Work set to resume at Stibbington Pure Fuels plant
A bio-fuels plant in Stibbington has been given permission to resume operations following a multi-agency investigation into an explosion that took place at the site last year.
Pure Fuels managing director Tom Lasica said they were given the go ahead on Wednesday evening to resume work.
He said: “The investigation by the fire brigade, Environment Agency and Health and Safety Executive, full audits and improvements have been completed.
“We have been given the go ahead by all the agencies to recommence operations at the Stibbington site where we are developing a brand of new renewable fuel which is ultra-low emission and will provide a genuine answer to the pressing need to clean up the air in our cities.”
He said they had also met with “some” of the residents from the area opposed to plant. “We are waiting for them to give us a time when we can all meet together,” he said.
A Health and Safety Executive spokesman said: “HSE has issued the company with an Improvement Notice, which we will review for compliance.
"It is for the company to assure itself it has complied with all relevant health and safety legislation before commencing operations."
Meanwhile, North West Cambridgeshire MP Shailesh Vara said he is yet to receive a response to a letter he wrote to Environment Secretary Michael Gove regarding the explosion which took place on November 28 last year.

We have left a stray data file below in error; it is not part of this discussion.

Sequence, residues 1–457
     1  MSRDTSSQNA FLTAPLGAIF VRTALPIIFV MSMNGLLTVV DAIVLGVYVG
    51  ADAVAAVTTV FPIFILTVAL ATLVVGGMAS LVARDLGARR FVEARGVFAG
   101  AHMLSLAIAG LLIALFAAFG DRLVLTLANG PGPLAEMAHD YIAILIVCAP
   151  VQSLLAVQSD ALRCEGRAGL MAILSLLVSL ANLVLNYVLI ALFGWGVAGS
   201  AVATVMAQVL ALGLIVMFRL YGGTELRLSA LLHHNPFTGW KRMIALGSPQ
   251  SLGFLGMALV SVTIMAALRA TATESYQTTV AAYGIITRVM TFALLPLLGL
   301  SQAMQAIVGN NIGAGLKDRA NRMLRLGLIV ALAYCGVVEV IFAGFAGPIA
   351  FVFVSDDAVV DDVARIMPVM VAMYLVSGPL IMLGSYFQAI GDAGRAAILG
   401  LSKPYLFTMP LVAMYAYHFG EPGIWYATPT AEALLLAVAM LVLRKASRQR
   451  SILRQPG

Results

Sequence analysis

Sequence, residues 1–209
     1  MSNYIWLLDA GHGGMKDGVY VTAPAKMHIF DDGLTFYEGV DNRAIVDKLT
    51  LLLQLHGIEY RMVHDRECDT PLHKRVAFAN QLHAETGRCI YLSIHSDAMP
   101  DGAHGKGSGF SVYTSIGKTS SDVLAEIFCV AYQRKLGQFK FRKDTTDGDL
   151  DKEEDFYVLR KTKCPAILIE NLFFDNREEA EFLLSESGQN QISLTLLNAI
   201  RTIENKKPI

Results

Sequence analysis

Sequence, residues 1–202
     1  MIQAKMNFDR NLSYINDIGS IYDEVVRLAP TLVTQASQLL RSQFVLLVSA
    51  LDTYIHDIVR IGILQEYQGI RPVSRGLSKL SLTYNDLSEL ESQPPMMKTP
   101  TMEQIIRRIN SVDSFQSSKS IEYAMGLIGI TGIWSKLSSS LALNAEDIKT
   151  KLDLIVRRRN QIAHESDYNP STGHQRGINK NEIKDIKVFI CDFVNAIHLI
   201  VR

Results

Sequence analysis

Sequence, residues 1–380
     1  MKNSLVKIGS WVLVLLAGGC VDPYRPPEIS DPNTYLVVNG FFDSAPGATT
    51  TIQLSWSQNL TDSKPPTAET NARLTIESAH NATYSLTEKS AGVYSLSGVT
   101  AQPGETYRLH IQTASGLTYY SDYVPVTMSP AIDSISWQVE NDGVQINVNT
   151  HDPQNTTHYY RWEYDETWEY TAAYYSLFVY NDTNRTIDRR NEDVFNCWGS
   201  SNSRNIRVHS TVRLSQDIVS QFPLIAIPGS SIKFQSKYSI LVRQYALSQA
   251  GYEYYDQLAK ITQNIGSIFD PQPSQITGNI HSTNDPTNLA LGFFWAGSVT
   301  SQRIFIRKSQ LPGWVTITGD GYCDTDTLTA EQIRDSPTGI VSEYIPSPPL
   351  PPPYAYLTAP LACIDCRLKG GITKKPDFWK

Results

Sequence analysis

“I have yet to hear from Michael Gove as regards a meeting with him or one of his Ministerial colleagues and I have therefore chased his office on the matter,” he said.
The Environment Agency said its investigations had “determined the incident had minimal impact on the environment”.
“Since then, we have been in contact with local residents to fully understand and respond to any concerns they might have,” a spokesman said. “We are also working closely with Pure Fuels to ensure they are abiding by the conditions in their permit to operate.”
Although three people were inside the warehouse when the explosion took place, no-one suffered serious injuries.
The process for bio-fuel production currently used at the plant turns used cooking oils into other fuels which can be used to power lorries and cars as well as generate electricity.
Nearby residents, who wished to remain anonymous, have said their lives had been made a “living nightmare” by the plant and want it closed.
Despite their concerns, the Environment Agency issued permits in 2017 for the plant to operate.
“For the past 18 months we have suddenly had, without notice, a 24 hour, seven days a week operating plant immediately next to our homes causing us all stress and sleep deprivation,” said one.
“We are living in fear of what will happen next and I fear for the safety of the residents and the families visiting the steam railway, which is right next door.”
Another added: “It’s no surprise there was an explosion, we have been screaming at the EA and HDC for them to get their house in order. We have been warning them for almost two years it was an accident waiting to happen and we were ignored.
“It’s been and still is a living nightmare wondering when the next incident will be.”
A third said the plant was affecting “our physical and mental health”.
“There have been two fires that we know of and the recent explosion has closed them down. The authorities should do their job and never allow them to reopen.”
- This story contains a quote from the Health and Safety Executive that was not included in our print edition as it arrived to late for publication.